In terms of probiotics: I can also buy their probiotic which they say is formulated specifically for me based upon my profile. While I don’t doubt their choice of species (their recommendation for me consisted of 10 strains), a dose is only 5 billion units.  A one month supply of this is about $35, by my calculations, which is not unreasonable but…I currently pay for about $48 for probiotic that has 110 billion units per capsule (dose), and I take 3 of those per day.  A 5 billion unit probiotic is extremely low potency.  Even in the ordinary health food store, I’m guessing the average strength is about 25 billion.  I’m not sure I understand Thyrve’s dosing protocol. (By the way, I should also mention that on the page which lays out the 10 strains, there is also a section telling me that I should be taking vitamin C and the prebiotic, inulin.)

One more thing I need to point out:  I cannot comment on the company’s methods of  analyzing the samples and I did not see that there is any outside research or third party testing of their methodologies.  That’s not to say it doesn’t exist, or that their methods are not accurate.  I simply do not know because I’m not a scientist.  Mr. Lin kindly shared two documents with me:  the first is called “clinical information” which is not really helpful in this regard but the second contained what science they have, I believe.

It is an internal 3 month long validation study conducted on 99 of their customers showing that “…the dietary suggestions from Thryve might be able to provide positive impacts on the gut microbiome and potentially improve their life quality.”  This is not a published, peer-reviewed, double blind, placebo controlled study.  Again, that doesn’t mean it’s invalid:  it just means I don’t know with certainty that it IS valid.  Their results: “The last analysis shows 0.09% enhancement of Akkermansia, 0.87% enhancement of Bifidobacterium, 0.87% enhancement of Roseburia, 0.24% enhancement of Lactobacillus and 1.45% enhancement of Faecalibacterium compare to the initial tests.”  I’m not sure that those results are actually statistically significant, again, because I am not a scientist.  This paper also mentions that their results suggest that people may be eating a more plant-rich diet after checking their results.  That alone is likely responsible for any health improvements they may experience, as they state (and as I noted in opening sentence of this paragraph).

Here’s my other issue, which is NOT the fault of Thryve:  I already eat an extremely healthy diet which includes many of the foods on their “recommended” page.  I take a much more powerful probiotic (one that has been studied in scores of clinical trials), include inulin and other prebiotic fibers in my diet, and take 1000 mg of vitamin C twice a day.  I’m way ahead of the curve on their recommendations, and still, my microbiome appears to be lacking in many key probiotic species. So…ultimately, they have little to offer me, mainly because firstly, I don’t believe the science is really there yet in terms of specific recommendations to fine tune the microbiome, and secondly, many of the species that might make a key difference in my health, like Akkermansia, are not available as a probiotic.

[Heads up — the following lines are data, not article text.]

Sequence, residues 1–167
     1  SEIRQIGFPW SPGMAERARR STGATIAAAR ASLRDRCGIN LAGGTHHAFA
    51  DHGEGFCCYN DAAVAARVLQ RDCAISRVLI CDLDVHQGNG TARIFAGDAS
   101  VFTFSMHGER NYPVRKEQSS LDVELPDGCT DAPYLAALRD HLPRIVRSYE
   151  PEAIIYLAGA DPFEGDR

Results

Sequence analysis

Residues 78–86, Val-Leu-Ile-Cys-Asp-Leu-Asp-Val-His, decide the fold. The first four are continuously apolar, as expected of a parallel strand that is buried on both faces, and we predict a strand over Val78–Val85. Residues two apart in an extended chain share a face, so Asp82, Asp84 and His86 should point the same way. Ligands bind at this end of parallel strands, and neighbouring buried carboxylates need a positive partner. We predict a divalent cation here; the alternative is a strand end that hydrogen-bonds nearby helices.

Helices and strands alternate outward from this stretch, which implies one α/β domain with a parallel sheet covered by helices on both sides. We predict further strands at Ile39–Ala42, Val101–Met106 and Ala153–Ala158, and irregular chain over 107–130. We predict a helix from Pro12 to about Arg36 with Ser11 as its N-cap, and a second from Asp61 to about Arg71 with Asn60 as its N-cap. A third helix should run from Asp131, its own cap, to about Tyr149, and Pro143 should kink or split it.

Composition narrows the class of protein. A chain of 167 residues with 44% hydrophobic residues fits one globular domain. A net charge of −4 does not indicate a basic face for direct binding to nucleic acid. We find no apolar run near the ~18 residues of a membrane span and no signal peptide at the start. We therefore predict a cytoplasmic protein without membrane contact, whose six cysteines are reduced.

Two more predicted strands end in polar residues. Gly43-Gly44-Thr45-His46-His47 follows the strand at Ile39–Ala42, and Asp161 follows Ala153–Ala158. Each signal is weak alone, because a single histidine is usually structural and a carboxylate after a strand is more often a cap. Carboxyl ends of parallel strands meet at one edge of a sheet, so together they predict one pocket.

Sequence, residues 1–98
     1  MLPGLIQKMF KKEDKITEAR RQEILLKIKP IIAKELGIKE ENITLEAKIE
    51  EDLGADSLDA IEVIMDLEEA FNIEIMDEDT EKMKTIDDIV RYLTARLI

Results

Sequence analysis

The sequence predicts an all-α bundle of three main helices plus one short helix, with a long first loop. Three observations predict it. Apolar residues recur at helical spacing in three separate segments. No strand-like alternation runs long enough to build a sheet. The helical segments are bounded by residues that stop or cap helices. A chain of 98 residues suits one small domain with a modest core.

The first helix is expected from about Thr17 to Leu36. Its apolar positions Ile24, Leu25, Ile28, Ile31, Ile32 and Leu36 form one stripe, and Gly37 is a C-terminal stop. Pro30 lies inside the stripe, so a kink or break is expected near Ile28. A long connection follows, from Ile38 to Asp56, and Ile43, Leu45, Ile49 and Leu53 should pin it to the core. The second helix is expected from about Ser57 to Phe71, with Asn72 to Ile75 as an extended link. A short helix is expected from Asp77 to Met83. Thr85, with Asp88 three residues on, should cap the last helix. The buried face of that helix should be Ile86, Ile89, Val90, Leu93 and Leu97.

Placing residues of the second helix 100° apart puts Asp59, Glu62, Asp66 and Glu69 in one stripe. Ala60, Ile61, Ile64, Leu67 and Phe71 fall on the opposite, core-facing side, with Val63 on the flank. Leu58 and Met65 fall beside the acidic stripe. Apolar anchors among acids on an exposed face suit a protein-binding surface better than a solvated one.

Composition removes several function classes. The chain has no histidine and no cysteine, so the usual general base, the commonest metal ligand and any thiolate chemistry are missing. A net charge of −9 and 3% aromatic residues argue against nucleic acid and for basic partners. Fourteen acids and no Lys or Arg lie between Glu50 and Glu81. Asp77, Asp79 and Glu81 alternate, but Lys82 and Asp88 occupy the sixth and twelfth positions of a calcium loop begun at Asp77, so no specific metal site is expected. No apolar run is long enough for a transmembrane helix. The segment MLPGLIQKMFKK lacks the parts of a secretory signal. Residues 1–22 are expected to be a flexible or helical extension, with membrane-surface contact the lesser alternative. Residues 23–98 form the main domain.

To sum up then:  I found Thryve’s process easy and enjoyed looking at my report.  For $4.99 per month I can get way more details, like a look at my short chain fatty acid levels, my intestinal permeability (i.e. leaky gut) status, and so forth, and were I planning to follow their probiotic plan, I might take them up on that.  However, I can’t see that I will personally be making any changes to what I’m doing as I’m already doing everything possible and it doesn’t appear to be making much difference.  For example, according to Thryve, I’m still low in Lactobacillus and Bifidobacterium, even after years of high potency (and high quality) probiotics containing those species. How is taking a fraction of the amount (1.5% to be exact) going to change things?

If any of you do decide to give the testing a shot, I’d love to compare results.  And I do not doubt Thyrve’s claims that by eating better, taking even a low potency probiotic, a prebiotic (inulin, for example), some people find their health improved.  This is an ongoing conversation and the science behind personalized nutrition is growing pretty much daily at this point.  As a nutritionist, the concept absolutely fascinates and excites me (as you know because I’ve written about it enough)!  I personally do not believe we are there yet in terms of the science to actually micromanage (another bad pun!) our microbiomes…but I absolutely believe we will be able to do so someday.  And in the meantime, if companies like Thyrve can inspire people to at least think about the health of their biomes, what they are eating, how this affects their health now and in the future, to make some healthy choices…well, that fits right not my “can’t hurt, could help” mantra.